Monday, January 25, 2016

Global Consequences of Land Use

          Land use has been an environmental issue for quite some time, but is now becoming a "force of global importance". Specifically, nearly the whole world relies on land use practices to provide food, water, and shelter. In this article, Jonathan A. Foley outlines the major impacts of land use. First, the effects land use has on food production. Modern agriculture has become a major reliance on the increase of food production. Grain harvests have doubled in the amount it produces, however the increase in food production has also increased the use of fertilizer, by 700% in the past 40 years. This causes soil erosion, the loss of native habitats, and degradation in water quality. Land use has also had an effect on freshwater resources. Irrigation is a major problem because it directly affects the resource and reduces the flow of the river or dries it up completely. Not only that, but all the fertilizer from the runoff gets into the river killing fish and other species. The forest ecosystem also comes into the picture because of land use. By taking timber, forest grazing, and road expansion it still harms the forest in terms of productivity, biomass, and species composition. Lastly, modifying habitats, road and dam construction, irrigation, increase in people and livestock, and the concentration or expansion or urban areas lead to infectious outbreaks. Specifically, disrupting a habitat increases the chance of disease because 75% of human diseases links back to wildlife or domestic animals. 

            The figure below exemplifies the effects land use has on the ecosystem. The first picture, is the natural ecosystem, with no production. It can maintain most things, except for food production. The middle picture depicts intensive cropland. This place can only maintain crop production, it does not have habitat or water flow. The third picture, however, is the cropland restored. This ecosystem can sustain all things: food, life, water, etc. 

             In conclusion, modern land use practices help short-term in ways of providing an abundance of food and water, but long-term have negative effects on the ecosystem. Confronting land use practices will require the assessment and management of human needs versus ecosystem needs and finding a balance between the two where we are not destroying our ecosystem faster than we are gaining human needs.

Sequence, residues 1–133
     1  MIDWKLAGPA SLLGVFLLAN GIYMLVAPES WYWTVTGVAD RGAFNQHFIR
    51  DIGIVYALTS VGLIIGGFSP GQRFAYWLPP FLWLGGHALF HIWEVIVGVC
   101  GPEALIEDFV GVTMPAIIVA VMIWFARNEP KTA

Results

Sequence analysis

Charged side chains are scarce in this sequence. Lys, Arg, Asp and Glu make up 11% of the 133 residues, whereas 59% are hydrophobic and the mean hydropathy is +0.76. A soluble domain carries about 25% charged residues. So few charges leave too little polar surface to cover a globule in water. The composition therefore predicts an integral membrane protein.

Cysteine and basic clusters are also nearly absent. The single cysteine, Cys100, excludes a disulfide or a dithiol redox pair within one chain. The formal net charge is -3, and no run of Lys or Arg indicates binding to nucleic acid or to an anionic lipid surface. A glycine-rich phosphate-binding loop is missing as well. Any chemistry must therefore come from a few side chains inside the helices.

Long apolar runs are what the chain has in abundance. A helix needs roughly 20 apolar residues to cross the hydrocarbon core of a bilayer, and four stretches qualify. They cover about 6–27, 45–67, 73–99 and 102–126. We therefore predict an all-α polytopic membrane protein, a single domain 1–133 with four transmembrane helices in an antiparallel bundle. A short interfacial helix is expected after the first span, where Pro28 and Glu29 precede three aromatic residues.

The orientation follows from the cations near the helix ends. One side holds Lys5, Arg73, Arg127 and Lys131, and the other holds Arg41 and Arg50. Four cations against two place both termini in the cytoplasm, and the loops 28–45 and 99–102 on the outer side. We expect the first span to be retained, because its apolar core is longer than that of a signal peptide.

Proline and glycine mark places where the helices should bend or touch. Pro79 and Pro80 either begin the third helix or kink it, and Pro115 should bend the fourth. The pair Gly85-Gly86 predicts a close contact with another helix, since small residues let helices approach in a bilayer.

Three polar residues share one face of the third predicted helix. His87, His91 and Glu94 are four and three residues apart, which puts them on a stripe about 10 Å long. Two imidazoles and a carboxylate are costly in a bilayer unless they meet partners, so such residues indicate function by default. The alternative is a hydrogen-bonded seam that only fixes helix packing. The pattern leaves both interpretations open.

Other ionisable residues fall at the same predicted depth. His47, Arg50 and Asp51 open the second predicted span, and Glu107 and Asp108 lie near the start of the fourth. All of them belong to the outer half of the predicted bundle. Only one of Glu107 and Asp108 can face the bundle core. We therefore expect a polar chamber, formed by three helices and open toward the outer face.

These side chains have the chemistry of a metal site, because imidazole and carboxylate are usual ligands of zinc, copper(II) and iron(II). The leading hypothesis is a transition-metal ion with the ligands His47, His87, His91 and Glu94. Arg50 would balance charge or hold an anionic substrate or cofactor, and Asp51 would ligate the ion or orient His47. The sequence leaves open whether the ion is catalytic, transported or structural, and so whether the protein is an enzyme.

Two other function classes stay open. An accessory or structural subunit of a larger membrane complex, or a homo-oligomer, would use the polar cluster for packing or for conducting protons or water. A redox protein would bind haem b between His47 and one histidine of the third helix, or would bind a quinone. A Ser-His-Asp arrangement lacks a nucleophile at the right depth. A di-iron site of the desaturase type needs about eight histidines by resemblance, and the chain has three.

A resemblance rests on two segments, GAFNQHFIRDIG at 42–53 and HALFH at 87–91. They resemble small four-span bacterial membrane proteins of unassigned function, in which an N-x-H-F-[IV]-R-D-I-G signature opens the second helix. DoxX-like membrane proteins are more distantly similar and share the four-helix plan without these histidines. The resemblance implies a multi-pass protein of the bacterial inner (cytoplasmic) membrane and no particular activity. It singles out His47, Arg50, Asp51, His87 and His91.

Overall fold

I have acted with honesty and integrity in producing this work and am unaware of anyone who has not. Nataley Ford

Foley, J. A., DeFries, R., Asner, G. P., Barford, C., Bonan, G., Carpenter, S. R., ... & Helkowski, J. H. (2005). Global consequences of land use. science309(5734), 570-574.       


  1. It would be interesting to see your perspective on animal agriculture and research regarding the land use and impact it has on the ecosystem. Animal agriculture is the leading cause to many issues in our environment, not so much grains and other plants.

  2. In Intro to Environmental Studies, we looked at this issue, and I would agree that modern agricultural practices are only a short-term solution to provide for our needs. I wrote on an article with a similar issue, except it focuses on flood plains, which modern land use practices have also caused to flood more. How did the researchers use GIS to map their data?

  3. Modern agriculture is especially disruptive due to its soil depletion, excessive water and pesticide use, and other harmful factors. If more research was dedicated to organic farming practices and understanding perhaps where certain crops naturally grow best, perhaps our land use and resources necessary could be reduced?

  4. It's promising to see the potential of restored cropland, but what does this restoration actually involve? Is this something that could be applied to agricultural areas worldwide?

  5. I wonder if a similar study showing the effects of land use overtime could be done using remote sensing and georeferencing? Perhaps paired with LiDAR to somehow test the health and fertilization of the soil? Does LiDAR even do that?